Happy 50th Birthday, Medicare

September 7, 2015

On July 30, 2015, Medicare turned 50. In 1965, before Medicare was passed, nearly half of the elderly in the United States lacked health insurance. Today, just 2% of people over the age of 65 are uninsured.

In fact, approximately 55 million Americans were covered by Medicare in fiscal year 2014 at a cost of $505 billion. That’s a lot of money — and there are those who worry that the high cost of Medicare cannot be sustained.

However, the 2015 report of Medicare’s trustees shows that Medicare costs have levelled off, attributable at least in part to the passage of health care reform, suggesting those fears are unfounded.

One sign of Medicare’s sustainability is that spending has seen slower growth than other forms of insurance. According to Kaiser Family Foundation data, the annual growth rate for total Medicare spending dropped from 9% (2000-2010) to 4.1% (2010-2014).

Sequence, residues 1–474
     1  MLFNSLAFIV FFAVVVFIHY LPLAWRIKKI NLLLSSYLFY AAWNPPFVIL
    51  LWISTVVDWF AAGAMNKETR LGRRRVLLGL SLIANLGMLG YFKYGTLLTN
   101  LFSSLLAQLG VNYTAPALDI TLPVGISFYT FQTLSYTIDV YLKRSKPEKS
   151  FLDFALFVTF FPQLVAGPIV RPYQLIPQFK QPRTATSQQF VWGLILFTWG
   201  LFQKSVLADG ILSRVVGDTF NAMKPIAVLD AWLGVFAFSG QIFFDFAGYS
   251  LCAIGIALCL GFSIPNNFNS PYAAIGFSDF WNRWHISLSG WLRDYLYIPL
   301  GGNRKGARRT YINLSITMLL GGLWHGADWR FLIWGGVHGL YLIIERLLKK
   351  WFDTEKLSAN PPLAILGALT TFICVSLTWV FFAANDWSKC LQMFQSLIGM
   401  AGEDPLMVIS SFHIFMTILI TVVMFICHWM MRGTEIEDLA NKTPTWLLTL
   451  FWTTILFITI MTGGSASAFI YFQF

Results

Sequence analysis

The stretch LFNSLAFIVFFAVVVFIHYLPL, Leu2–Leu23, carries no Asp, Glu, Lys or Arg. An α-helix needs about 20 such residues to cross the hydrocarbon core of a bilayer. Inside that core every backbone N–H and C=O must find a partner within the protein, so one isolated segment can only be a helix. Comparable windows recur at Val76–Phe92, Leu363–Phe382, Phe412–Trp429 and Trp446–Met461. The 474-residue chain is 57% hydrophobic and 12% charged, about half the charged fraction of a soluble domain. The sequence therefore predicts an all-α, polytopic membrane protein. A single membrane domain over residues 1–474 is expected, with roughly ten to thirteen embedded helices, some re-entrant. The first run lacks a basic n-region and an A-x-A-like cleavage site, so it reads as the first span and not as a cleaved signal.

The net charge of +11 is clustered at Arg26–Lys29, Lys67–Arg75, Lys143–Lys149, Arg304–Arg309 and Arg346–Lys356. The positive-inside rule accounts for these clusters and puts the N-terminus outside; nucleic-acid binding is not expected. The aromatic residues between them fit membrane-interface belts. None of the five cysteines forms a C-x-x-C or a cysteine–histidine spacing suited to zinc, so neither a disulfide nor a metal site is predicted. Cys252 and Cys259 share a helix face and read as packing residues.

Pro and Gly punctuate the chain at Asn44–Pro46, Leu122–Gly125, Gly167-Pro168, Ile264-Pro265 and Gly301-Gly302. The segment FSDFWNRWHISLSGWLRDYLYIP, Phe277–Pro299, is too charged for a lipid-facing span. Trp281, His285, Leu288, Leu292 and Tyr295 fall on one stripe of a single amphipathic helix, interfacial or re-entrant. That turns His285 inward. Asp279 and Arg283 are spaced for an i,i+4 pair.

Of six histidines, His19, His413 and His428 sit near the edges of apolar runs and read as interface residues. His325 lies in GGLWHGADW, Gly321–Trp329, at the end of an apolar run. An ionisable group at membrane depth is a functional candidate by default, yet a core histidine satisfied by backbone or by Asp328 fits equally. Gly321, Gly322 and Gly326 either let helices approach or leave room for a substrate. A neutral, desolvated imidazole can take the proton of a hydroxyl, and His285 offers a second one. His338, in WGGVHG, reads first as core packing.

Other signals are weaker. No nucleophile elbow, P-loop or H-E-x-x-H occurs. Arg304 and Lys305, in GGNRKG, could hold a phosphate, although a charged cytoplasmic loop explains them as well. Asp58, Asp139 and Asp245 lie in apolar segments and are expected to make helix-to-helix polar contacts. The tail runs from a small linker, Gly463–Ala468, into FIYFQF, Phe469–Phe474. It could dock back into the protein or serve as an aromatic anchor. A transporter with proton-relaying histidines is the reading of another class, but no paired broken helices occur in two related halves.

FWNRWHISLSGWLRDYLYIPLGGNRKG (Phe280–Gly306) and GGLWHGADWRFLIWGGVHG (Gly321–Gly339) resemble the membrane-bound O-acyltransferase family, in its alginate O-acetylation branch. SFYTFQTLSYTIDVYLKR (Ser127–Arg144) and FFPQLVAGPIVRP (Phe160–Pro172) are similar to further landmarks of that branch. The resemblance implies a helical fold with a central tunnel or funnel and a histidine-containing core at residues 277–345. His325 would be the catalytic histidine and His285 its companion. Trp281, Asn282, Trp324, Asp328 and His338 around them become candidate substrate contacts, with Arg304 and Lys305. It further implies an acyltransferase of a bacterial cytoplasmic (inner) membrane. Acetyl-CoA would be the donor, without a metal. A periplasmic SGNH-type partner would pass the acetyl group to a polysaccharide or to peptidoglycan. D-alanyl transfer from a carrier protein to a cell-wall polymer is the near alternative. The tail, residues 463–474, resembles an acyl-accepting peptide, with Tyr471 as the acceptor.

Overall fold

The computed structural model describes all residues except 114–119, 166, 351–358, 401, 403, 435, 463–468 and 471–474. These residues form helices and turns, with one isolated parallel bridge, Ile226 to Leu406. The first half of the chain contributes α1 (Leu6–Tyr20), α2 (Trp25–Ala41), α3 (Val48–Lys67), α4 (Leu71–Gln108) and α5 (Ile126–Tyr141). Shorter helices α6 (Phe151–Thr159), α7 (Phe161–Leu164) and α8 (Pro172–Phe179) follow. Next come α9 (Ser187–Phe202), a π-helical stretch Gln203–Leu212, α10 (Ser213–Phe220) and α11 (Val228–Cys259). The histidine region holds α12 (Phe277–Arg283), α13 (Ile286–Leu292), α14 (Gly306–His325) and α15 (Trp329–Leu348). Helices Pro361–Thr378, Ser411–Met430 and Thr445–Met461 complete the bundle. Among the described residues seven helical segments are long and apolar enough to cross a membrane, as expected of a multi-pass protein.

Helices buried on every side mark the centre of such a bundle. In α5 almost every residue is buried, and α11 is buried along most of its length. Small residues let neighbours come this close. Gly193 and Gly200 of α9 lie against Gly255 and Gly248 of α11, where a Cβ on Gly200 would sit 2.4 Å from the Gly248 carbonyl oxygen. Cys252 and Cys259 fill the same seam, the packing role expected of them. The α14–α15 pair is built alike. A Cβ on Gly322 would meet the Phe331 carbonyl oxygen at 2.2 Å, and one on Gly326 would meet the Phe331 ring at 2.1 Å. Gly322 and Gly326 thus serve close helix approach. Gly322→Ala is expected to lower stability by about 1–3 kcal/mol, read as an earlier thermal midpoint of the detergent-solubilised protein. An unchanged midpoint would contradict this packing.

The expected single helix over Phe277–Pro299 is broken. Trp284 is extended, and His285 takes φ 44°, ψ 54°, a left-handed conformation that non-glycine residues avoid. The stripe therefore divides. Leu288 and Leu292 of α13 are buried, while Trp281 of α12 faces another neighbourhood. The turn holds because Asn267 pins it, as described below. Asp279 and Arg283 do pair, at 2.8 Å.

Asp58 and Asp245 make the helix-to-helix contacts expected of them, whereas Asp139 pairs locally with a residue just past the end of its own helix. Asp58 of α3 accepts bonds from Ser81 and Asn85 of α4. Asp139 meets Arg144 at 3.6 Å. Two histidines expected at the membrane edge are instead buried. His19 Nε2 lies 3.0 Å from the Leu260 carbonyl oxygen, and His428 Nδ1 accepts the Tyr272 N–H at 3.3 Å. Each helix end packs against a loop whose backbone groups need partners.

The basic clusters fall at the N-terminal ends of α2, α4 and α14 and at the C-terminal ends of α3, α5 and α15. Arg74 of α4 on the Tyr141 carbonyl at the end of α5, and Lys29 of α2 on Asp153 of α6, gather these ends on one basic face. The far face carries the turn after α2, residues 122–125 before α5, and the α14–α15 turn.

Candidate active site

This growth has been lower than what was projected primarily because of changes in the health system brought about by health care reform. The changes include payment and delivery system reforms that emphasize coordinated care, especially for people with multiple chronic conditions, incentives that reduce the rate of hospital readmissions, and a slowdown in payments to hospitals and private Medicare plans.

In addition to slower growth in spending, the trustees’ report also indicated that Medicare’s solvency has greatly improved since passage of health care reform. Medicare’s Hospital Insurance trust fund, which is one of the two trust funds specifically allocated by the U.S. Treasury to fund Medicare, will have a surplus of about $2 billion in 2015. Trust fund surpluses are expected to continue for another 8 years, or until the year 2023 — and the fund will remain solvent (that is, able to pay 100% of the costs of the hospital insurance coverage that Medicare provides) through 2030.

That’s good news for Medicare-eligible retirees — and for their former employers who have sponsored their health care coverage.

For the full 2015 Medicare trustees’ report, click here.

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